Please verify

Watch LIVE

US adds 304,000 jobs in January, nearly doubling economists' expectations


The unemployment rate also rose slightly to 4.0 percent


The United States added 304,000 new jobs in January, according to the latest report from the Bureau of Labor Statistics. The unemployment rate climbed slightly from 3.9 percent to 4.0 percent.

Here's what we know

Before the jobs report had been announced, economists polled by MarketWatch had predicted that the country would add around 172,000 jobs. The actual number of 304,000, 1.8 times the estimate. According to the New York Times, the U.S. economy has now added jobs for 100 consecutive months.

While the new jobs report was higher than expected, the jobs report for December was adjusted down by 70,000 jobs from 312,000 jobs created that month to 222,000.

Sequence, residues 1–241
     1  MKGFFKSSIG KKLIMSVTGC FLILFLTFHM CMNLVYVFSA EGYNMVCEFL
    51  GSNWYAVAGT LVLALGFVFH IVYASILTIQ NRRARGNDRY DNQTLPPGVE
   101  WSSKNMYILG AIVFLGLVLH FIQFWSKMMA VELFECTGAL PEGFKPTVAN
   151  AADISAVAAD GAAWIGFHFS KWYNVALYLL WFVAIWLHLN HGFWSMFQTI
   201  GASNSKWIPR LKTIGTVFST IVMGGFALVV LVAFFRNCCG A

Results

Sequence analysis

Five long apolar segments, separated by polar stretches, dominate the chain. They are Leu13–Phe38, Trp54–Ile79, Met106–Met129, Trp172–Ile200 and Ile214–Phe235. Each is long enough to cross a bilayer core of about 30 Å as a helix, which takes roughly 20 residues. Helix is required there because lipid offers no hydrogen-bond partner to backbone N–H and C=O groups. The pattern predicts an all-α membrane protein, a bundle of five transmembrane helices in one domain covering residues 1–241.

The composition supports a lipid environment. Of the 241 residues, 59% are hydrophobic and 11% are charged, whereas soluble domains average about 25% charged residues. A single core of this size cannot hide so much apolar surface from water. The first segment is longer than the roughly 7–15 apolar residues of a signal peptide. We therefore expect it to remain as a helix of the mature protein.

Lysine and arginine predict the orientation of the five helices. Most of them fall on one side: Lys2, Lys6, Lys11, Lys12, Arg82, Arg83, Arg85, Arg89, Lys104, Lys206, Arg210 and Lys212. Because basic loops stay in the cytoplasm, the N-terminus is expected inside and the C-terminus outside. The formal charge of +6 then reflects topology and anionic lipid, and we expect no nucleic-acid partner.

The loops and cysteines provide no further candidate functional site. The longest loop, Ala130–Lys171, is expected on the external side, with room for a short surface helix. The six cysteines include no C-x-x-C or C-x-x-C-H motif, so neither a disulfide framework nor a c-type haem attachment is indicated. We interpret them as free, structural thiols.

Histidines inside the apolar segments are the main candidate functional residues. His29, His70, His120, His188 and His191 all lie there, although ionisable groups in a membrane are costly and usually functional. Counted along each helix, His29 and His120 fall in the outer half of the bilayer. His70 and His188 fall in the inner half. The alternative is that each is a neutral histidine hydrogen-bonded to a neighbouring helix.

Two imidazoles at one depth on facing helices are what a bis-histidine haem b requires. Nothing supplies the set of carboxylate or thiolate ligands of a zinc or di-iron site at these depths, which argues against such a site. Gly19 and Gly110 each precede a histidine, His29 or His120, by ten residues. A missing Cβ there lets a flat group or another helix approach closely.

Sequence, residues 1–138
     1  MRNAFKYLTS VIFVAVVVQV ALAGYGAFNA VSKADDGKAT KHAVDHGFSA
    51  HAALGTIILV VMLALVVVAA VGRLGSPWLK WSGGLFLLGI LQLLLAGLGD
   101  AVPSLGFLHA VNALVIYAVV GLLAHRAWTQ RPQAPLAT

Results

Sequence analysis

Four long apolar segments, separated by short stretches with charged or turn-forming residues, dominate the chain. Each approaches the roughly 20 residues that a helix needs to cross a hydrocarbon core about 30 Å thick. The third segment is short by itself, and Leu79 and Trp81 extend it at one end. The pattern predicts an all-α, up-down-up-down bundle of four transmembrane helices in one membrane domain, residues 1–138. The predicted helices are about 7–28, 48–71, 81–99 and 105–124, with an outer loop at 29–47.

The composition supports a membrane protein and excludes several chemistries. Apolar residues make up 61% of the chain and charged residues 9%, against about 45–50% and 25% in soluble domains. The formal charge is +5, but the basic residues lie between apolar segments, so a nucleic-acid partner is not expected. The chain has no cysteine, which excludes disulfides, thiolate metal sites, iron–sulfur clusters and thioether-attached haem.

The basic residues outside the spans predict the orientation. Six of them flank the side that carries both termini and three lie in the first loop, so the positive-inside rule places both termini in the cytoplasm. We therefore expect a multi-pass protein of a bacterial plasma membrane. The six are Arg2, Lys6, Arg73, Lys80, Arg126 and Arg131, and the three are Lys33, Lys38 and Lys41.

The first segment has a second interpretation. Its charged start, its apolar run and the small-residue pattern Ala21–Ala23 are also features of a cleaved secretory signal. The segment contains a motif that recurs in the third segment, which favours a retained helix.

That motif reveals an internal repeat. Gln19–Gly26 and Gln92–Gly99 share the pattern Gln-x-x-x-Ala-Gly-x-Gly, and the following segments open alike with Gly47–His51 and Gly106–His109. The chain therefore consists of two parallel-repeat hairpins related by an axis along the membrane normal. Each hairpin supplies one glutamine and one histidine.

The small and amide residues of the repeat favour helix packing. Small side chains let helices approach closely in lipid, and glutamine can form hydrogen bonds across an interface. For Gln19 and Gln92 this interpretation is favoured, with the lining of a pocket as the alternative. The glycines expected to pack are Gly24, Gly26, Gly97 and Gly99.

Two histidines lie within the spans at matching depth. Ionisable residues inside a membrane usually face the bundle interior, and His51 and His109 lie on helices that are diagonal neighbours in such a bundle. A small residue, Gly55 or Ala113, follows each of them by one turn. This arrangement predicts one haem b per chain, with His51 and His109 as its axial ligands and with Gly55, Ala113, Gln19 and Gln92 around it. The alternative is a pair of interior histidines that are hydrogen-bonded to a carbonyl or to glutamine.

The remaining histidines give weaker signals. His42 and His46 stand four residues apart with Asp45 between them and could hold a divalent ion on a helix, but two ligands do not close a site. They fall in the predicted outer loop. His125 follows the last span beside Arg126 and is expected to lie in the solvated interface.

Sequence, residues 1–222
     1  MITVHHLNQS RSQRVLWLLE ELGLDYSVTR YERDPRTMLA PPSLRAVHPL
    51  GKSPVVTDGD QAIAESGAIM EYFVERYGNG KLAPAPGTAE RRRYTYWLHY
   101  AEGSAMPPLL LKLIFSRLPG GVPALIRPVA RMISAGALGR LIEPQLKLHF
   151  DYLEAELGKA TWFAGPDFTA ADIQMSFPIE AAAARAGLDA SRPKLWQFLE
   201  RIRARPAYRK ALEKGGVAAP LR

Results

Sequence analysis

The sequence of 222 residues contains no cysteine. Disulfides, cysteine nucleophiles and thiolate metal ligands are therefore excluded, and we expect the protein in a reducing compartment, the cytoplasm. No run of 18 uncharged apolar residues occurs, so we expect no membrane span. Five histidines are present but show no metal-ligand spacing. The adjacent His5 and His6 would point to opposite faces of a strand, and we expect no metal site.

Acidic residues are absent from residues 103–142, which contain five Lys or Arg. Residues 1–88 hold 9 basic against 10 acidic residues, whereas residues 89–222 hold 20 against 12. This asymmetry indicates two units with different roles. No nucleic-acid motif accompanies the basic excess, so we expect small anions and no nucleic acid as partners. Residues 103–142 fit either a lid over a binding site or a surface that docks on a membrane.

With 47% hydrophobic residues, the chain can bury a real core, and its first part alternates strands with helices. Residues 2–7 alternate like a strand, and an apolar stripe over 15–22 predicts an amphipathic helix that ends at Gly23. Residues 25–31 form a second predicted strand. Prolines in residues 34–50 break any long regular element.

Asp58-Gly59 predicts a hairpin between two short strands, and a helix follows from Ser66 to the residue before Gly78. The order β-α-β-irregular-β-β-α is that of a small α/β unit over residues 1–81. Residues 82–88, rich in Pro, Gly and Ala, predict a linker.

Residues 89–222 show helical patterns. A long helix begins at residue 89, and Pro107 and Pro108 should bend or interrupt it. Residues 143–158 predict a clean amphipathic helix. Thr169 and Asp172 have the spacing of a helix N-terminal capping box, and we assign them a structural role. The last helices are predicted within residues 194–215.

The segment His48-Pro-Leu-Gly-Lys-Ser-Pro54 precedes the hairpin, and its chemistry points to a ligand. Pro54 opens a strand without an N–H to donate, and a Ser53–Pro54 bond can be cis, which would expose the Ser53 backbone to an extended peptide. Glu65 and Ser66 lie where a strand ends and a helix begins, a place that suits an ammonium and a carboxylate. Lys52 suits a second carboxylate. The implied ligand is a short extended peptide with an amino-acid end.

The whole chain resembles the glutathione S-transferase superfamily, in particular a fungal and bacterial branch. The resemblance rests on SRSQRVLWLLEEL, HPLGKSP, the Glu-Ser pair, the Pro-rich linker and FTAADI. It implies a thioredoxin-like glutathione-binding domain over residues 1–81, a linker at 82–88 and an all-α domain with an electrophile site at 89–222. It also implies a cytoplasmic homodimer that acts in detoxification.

The average monthly gain for all of 2018 was 223,000.

Immediately following the release of the jobs report, the Dow Jones Industrial Average rose 51 points. However, the S&P 500 index rose less than 1 point, and the Nasdaq dropped by 37 points.

How did the shutdown affect jobs?

While the Congressional Budget Office estimated that the partial government shutdown cost the U.S. gross domestic product $11 billion ($8 billion of which is expected to be recovered later in the year), the Bureau of Labor Statistics reported that it had little effect on hiring.

According to the Labor Statistics report:

In January, employment grew in several industries, including leisure and hospitality, construction, health care, and transportation and warehousing. There were no discernible impacts of the partial federal government shutdown on the estimates of employment, hours, and earnings from the establishment survey.

Federal employees, who were furloughed but still had to work during the shutdown (roughly 800,000), were considered as employed for the BLS establishment survey, while those who were furloughed but did not work or get back pay (roughly 380,000) were considered to be unemployed during this period. This boosted the unemployment numbers, but the federal employees' eventual return to work was not included as new jobs added.

Most recent
All Articles